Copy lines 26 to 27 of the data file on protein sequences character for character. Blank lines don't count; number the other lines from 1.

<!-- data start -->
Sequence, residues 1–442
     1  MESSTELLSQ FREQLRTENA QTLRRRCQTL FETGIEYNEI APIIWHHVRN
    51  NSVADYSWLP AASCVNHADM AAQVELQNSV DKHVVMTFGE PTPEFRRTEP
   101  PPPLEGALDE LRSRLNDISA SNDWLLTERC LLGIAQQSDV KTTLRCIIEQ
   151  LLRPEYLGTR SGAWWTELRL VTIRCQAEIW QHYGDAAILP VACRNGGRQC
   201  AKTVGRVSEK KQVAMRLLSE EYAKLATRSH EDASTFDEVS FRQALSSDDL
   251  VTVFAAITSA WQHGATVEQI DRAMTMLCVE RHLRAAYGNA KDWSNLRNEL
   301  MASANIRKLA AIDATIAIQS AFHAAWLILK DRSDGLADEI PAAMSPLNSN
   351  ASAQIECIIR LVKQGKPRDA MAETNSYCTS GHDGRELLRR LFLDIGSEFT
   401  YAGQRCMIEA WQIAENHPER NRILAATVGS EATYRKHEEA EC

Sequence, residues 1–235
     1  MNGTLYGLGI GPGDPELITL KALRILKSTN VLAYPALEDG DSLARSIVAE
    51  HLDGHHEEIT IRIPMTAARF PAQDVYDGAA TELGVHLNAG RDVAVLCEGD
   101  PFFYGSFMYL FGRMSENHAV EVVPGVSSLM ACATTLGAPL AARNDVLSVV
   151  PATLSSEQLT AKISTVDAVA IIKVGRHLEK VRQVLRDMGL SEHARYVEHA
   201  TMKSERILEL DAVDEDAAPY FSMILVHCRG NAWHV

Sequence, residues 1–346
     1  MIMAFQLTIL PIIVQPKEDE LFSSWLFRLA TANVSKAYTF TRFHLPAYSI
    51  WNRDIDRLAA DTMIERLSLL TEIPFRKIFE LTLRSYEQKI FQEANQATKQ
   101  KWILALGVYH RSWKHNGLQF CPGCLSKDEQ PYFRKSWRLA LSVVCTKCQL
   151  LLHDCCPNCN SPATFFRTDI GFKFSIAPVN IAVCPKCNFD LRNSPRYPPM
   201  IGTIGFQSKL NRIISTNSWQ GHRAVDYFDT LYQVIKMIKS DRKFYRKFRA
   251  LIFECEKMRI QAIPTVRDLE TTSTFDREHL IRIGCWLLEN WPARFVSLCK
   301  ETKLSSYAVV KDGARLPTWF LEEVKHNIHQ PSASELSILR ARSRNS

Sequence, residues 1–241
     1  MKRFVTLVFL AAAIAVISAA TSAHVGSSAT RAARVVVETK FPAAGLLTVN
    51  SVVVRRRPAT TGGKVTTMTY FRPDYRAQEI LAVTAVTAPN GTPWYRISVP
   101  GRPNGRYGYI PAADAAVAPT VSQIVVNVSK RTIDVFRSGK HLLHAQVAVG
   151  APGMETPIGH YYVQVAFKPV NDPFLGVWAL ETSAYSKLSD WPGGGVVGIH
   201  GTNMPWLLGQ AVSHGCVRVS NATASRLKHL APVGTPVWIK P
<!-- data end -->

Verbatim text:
     1  MKRFVTLVFL AAAIAVISAA TSAHVGSSAT RAARVVVETK FPAAGLLTVN
    51  SVVVRRRPAT TGGKVTTMTY FRPDYRAQEI LAVTAVTAPN GTPWYRISVP